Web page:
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Weekly Round-Up: Agents, Plans, and Poetry

Every week our editors publish somewhere between 10 and 15 blog posts—but it can be hard to keep up amidst the busyness of everyday life. To make sure you never miss another post, we've created a new weekly round-up series. Each Saturday, find the previous week's posts all in one place.

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Little Notes and Big Plans

If you think footnotes are only meant for nonfiction, think again. Check out How to Add Another Level to Your Novel with Footnotes.

On the other hand, if you are working on a nonfiction project, don't bypass this very important step: the book proposal. Read 10 Key Elements to Writing a Winning Nonfiction Book Proposal before sharing your grand nonfiction plans with the world.

Agents and Opportunities

This week's Agent Spotlight shines on Stephanie Hansen of Metamorphosis Literary Agency. She is seeking YA series, adult science fiction and fantasy, thrillers, and romance.

If you get a request for some R&R from an agent, does that mean it's time for rest and recreation? (Hint: no.) Find out what your next steps should be with The Elements of a Revise and Resubmit Request from an Agent—and yes, rest is involved.

For even more advise from agents, read 16 Agents Share 34 Tips for Success: From Studying the Market to Proper Querying.

Poetic Asides

Time to meet some poets! First, meet Ellen Birkett Morris, recipient of a 2013 Al Smith Fellowship from the Kentucky Arts Council and author of Surrender. After that, meet Cheryl Pearson, winner of the High Sheriff's Cheshire Prize for Literature in 2016 and author of Oysterlight.

For this week's Wednesday Poetry Prompt, write an "error" poem. Then challenge yourself with a new poetic form: the contrapuntal poem.

Check out Why I Write Poetry: Stuart Peacock and consider submitting an essay that shares why you write poetry.

3 Big Tips for Writing a Children’s Picture Book Like a Pro

3 Big Tips for Writing a Children’s Picture Book Like a Pro

Small but mighty, picture books help raise children into lifelong readers. Children's book author Diana Murray offers 3 big tips for writing a picture book like a pro.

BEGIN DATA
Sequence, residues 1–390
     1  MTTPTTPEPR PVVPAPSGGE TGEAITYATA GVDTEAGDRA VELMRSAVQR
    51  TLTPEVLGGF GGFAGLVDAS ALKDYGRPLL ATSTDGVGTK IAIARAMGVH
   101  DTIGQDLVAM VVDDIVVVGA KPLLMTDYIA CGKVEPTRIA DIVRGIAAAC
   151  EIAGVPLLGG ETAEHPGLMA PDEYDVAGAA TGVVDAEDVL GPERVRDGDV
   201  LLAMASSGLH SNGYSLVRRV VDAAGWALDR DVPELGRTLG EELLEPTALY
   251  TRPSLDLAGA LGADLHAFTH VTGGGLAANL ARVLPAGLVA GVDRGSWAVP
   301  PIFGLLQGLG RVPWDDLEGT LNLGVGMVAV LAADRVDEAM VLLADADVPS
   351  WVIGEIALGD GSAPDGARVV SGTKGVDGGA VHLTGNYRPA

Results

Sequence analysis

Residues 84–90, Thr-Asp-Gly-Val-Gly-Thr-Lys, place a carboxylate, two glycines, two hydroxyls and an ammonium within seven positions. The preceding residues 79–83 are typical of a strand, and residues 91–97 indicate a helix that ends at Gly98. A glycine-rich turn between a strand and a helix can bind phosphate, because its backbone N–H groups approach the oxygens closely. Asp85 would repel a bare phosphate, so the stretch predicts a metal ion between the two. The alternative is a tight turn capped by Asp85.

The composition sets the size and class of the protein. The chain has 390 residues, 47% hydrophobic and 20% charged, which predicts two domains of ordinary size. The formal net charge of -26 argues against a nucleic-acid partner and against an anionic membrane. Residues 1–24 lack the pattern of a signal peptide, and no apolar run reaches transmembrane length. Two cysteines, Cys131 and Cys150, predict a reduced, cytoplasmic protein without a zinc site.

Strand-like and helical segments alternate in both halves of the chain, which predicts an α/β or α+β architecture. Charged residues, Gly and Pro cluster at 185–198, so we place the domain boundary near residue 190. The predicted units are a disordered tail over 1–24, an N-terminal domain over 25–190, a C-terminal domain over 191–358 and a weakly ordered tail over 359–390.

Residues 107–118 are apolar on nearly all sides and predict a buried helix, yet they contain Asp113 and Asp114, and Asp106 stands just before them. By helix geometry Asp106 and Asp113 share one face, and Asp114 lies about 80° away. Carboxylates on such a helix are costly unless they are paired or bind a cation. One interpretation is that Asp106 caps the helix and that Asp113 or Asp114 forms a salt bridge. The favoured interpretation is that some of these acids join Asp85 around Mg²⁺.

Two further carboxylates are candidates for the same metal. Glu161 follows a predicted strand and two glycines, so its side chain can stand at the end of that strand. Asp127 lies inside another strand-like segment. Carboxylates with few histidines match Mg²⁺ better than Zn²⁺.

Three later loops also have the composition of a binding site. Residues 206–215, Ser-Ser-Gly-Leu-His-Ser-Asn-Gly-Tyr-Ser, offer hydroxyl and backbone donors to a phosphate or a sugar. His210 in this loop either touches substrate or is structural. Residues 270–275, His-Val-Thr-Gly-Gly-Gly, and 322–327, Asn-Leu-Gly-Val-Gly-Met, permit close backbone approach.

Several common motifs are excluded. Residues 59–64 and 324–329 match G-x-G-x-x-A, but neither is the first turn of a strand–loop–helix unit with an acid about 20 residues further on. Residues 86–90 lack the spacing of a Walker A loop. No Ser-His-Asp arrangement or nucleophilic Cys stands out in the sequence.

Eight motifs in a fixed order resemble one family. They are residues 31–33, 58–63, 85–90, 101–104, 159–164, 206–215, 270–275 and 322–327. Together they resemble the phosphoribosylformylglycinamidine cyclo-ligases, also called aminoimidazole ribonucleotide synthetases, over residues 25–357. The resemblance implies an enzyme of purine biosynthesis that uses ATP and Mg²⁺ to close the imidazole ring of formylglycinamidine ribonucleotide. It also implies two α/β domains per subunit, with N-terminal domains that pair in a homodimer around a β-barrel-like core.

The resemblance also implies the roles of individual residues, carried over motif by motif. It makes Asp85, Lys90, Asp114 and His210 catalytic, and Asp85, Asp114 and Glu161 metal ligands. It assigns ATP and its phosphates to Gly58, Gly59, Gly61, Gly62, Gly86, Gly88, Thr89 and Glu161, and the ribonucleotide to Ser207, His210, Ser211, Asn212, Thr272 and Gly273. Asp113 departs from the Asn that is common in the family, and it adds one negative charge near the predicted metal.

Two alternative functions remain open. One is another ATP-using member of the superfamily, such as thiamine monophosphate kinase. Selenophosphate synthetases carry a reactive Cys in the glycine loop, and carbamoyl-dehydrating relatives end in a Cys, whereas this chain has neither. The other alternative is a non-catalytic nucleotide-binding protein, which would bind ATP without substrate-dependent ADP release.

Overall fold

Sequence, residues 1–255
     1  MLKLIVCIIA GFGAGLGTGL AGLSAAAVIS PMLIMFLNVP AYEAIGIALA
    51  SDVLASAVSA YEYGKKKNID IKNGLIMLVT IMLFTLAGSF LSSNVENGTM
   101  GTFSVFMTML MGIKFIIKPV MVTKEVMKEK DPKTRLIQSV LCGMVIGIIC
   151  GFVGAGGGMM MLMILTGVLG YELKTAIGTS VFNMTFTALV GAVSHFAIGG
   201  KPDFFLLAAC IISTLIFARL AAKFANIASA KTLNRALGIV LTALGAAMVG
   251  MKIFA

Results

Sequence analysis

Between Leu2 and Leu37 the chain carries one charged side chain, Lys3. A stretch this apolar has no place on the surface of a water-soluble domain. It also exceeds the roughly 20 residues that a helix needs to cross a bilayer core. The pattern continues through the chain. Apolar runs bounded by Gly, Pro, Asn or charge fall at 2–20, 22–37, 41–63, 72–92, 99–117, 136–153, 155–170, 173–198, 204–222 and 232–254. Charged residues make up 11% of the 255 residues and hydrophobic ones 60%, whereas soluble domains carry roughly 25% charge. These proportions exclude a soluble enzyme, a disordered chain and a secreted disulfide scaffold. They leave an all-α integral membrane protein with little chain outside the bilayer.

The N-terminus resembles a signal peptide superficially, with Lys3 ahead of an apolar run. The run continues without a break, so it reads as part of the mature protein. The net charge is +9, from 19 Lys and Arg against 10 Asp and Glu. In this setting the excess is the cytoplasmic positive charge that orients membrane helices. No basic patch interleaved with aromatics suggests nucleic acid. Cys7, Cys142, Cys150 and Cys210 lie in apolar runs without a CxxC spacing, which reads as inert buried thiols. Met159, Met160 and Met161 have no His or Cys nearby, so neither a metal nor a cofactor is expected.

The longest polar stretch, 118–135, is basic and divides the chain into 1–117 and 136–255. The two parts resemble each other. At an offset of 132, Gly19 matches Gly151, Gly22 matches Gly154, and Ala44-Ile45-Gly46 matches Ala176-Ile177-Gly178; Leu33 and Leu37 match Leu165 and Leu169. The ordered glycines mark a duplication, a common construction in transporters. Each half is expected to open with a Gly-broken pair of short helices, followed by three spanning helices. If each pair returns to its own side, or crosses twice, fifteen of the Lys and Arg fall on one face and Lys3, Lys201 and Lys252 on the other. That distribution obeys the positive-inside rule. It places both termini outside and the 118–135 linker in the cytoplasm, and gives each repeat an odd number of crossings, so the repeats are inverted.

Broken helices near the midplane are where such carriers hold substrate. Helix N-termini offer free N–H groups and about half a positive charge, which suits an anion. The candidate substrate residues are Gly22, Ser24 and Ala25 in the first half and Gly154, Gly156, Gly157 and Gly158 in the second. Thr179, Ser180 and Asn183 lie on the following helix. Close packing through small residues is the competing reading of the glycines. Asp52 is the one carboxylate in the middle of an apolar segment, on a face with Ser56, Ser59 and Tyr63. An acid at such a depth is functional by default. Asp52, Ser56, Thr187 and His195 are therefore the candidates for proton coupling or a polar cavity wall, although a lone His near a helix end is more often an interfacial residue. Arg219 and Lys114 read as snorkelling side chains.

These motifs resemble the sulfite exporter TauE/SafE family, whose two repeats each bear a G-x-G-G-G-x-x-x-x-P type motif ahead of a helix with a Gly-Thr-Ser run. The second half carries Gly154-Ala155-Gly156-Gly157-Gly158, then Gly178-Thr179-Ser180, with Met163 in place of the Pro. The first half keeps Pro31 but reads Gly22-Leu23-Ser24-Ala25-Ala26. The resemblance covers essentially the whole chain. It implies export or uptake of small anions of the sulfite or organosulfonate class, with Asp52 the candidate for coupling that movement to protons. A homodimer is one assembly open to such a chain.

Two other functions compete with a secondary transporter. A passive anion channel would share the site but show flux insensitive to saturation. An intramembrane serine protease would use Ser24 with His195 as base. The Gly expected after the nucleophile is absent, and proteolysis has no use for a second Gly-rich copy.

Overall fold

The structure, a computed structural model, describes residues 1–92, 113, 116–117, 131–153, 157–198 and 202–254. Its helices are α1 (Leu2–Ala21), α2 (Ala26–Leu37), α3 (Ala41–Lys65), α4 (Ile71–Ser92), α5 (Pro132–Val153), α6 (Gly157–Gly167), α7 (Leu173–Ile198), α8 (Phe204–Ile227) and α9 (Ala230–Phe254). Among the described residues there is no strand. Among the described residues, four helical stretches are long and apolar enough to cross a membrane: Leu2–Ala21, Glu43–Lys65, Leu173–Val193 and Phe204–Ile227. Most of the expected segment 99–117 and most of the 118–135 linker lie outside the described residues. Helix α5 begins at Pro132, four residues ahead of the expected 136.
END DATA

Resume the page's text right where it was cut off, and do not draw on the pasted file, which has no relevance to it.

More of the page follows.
5 Things I Learned About Writing From Watching Soap Operas

5 Things I Learned About Writing From Watching Soap Operas

Lessons in writing can come from various forms of art or entertainment. Author Alverne Ball shares 5 things he learned about writing from watching soap operas.

From Script

Writing from an Intimate Point of View and Adding Essential Elements to Solidify Your Screenplay (From Script)

In this week’s round up brought to us by Script magazine, TV writer Kate Sargeant shares a first-hand look on her new digital series that was a life-changing experience. Plus an interview with filmmaker Mia Hansen-Løve, a new installment from ‘Ask the Coach’ and more!

Writing Mistakes Writers Make: Collecting Advice but Never Writing

Writing Mistakes Writers Make: Collecting Advice (but Never Writing)

The Writer's Digest team has witnessed many writing mistakes over the years, so this series helps identify them for other writers (along with correction strategies). This week's mistake is to collect writing advice at the expense of actually writing.

The Benefits of a Book Coach for Writers

The Benefits of Having a Book Coach for Writers

What is a book coach? How could they help authors? Award-winning author and writing instructor Mark Spencer answers these questions and more in this post about the benefits of having a book coach for writers.

Clare Chambers: On Starting Fresh and Switching Gears

Clare Chambers: On Starting Fresh and Switching Gears

Award-winning author Clare Chambers discusses the fear and excitement of switching genre gears in her new historical fiction novel, Small Pleasures.

Poetic Forms

Exquisite Corpse: Poetic Forms

Poetic Form Fridays are made to share various poetic forms. This week, we look at the exquisite corpse (or exquisite cadaver), a collaborative poem that would make a fun poetic game.

How Opening Ourselves to Other People Can Make Us Better Writers

How Opening Ourselves to Other People Can Make Us Better Writers

The writing process is both individual and communal, as receiving constructive feedback and outside encouragement helps our drafts become finished manuscripts. Author Peri Chickering discusses how opening ourselves up to others can make us better writers.

What Forensic Science’s Godmother Taught Me About Writing Mysteries

What Forensic Science’s Godmother Taught Me About Writing Mysteries

Stephanie Kane discusses the impact of Frances Glessner Lee, the godmother of forensic science, and her crime scene dioramas on writing mysteries.